One of the outcomes from the Northern Ireland Protocol / Windsor Framework, and the Trade and Cooperation Agreement between the UK and the EU, is that firms in Northern Ireland, in principle, have better access to GB market in comparison to EU firms, and they have better access to the EU single market in comparison to GB firms. In each case, this potentially gives NI firms a degree of competitive advantage. In good part, this arises from NI remaining in the EU single market, and the agreement on duty-free trade between NI and the EU.

Hence, NI firms can sell in the EU market with the knowledge that tariffs will not be levied, without needing to prove adherence to rules of origin, EU regulations or conformity assessment to mandatory standards, and with no additional customs / border related bureaucracy. While GB firms also have tariff-free access to the EU market this is only the case if they can prove that they meet the rules of origin requirements. Out of 5369 products at the HS 6-digit level the EU levies a positive tariff on 3989 of these. In addition, GB firms do need to prove conformity to EU regulations and face additional customs / border related bureaucracy. Somewhat analogously NI firms can sell to GB on more advantageous terms than their EU counterparts.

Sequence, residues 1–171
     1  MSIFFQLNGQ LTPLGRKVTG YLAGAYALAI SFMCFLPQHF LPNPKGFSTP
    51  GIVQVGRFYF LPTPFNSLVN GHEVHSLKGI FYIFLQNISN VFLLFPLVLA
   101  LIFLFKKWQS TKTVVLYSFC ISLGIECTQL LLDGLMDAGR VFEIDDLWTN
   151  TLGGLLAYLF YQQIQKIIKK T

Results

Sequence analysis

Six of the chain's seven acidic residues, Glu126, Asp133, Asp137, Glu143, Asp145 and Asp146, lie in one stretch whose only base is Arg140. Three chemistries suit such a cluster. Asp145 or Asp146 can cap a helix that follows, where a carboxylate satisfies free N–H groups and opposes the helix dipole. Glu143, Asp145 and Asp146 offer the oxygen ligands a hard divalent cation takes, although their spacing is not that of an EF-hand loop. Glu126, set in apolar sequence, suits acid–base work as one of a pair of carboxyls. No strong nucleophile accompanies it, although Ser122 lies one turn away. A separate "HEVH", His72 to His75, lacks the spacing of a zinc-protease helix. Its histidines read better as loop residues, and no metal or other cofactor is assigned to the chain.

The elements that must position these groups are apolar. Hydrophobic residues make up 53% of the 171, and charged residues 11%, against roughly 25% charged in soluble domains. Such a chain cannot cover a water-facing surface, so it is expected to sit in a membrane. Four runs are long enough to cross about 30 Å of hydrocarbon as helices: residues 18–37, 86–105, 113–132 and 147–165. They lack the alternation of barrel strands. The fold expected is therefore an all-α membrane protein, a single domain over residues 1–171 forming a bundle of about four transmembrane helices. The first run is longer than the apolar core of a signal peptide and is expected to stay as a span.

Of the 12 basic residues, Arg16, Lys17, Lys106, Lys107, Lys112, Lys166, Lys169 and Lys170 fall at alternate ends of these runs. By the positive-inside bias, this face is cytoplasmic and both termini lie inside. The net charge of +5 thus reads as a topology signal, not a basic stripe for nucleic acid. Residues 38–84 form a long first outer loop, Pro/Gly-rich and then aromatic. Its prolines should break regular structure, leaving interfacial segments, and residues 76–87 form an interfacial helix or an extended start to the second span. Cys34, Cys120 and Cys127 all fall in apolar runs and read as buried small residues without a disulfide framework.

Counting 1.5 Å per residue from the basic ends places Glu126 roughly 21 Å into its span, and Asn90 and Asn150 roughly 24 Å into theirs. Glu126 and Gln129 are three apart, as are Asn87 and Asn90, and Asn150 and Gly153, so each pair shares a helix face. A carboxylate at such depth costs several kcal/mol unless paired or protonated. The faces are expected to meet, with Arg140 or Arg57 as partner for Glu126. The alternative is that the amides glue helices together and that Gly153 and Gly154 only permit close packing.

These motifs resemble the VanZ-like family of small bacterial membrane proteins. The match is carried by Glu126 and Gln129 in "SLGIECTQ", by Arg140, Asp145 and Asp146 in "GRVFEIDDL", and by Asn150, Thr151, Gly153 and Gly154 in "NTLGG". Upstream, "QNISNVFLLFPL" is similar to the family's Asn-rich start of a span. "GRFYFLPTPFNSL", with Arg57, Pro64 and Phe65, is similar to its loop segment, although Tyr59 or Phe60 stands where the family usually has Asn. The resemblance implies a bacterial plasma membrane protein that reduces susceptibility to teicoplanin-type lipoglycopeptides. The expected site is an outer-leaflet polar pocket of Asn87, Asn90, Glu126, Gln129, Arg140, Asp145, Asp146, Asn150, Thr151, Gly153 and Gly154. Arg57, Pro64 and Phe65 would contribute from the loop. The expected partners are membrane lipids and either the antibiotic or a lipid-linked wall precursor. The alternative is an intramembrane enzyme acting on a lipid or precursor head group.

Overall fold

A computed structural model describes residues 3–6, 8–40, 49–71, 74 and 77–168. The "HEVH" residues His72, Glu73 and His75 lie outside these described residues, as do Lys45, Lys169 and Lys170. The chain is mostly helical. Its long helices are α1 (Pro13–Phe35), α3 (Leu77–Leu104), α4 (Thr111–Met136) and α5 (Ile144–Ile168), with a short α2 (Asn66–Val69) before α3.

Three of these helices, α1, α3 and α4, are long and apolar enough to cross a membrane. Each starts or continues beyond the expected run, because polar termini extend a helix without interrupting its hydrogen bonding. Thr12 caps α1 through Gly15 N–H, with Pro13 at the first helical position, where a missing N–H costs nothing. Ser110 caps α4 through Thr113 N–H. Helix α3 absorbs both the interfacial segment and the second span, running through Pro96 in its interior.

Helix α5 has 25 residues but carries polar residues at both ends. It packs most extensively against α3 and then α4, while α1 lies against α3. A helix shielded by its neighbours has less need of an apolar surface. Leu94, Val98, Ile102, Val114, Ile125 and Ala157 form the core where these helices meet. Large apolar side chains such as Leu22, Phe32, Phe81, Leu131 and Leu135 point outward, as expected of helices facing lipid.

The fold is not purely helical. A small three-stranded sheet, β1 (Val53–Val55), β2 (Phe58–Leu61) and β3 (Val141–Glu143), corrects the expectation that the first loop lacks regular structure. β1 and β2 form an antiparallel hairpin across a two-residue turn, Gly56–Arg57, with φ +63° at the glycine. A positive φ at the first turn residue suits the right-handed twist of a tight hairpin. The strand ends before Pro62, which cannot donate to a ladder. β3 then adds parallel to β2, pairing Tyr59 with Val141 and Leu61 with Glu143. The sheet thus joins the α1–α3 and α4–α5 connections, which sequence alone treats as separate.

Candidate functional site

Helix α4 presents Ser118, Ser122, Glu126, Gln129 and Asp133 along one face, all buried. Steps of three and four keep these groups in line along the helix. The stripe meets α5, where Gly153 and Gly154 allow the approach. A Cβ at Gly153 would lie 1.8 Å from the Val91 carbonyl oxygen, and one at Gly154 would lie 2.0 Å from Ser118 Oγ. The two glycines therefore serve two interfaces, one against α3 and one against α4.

The chart below gives the share of the top 10 goods purchased by NI from GB in 202133. Perhaps not surprisingly food products comprise the largest share (just over 6%) and providing these are for final consumption then they could go through the green lane. Many of the other sectors/goods (machinery, metals, electrical equipment, non-metallic minerals etc.) are clearly potentially subject to further commercial processing and thus depending on whether or not the firm can meet the additional conditions may well need to go through the red lane.